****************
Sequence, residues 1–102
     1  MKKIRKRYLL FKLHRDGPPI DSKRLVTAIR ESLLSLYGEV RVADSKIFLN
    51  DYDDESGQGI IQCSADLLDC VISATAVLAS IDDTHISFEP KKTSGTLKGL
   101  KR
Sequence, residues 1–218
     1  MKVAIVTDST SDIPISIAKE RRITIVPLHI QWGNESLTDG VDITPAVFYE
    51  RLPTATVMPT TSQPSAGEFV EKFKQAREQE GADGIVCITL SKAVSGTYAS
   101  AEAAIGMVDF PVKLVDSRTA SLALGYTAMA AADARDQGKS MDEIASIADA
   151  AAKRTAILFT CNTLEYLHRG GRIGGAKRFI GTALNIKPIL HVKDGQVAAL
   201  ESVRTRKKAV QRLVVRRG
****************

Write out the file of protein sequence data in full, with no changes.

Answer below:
Sequence, residues 1–102
     1  MKKIRKRYLL FKLHRDGPPI DSKRLVTAIR ESLLSLYGEV RVADSKIFLN
    51  DYDDESGQGI IQCSADLLDC VISATAVLAS IDDTHISFEP KKTSGTLKGL
   101  KR
Sequence, residues 1–218
     1  MKVAIVTDST SDIPISIAKE RRITIVPLHI QWGNESLTDG VDITPAVFYE
    51  RLPTATVMPT TSQPSAGEFV EKFKQAREQE GADGIVCITL SKAVSGTYAS
   101  AEAAIGMVDF PVKLVDSRTA SLALGYTAMA AADARDQGKS MDEIASIADA
   151  AAKRTAILFT CNTLEYLHRG GRIGGAKRFI GTALNIKPIL HVKDGQVAAL
   201  ESVRTRKKAV QRLVVRRG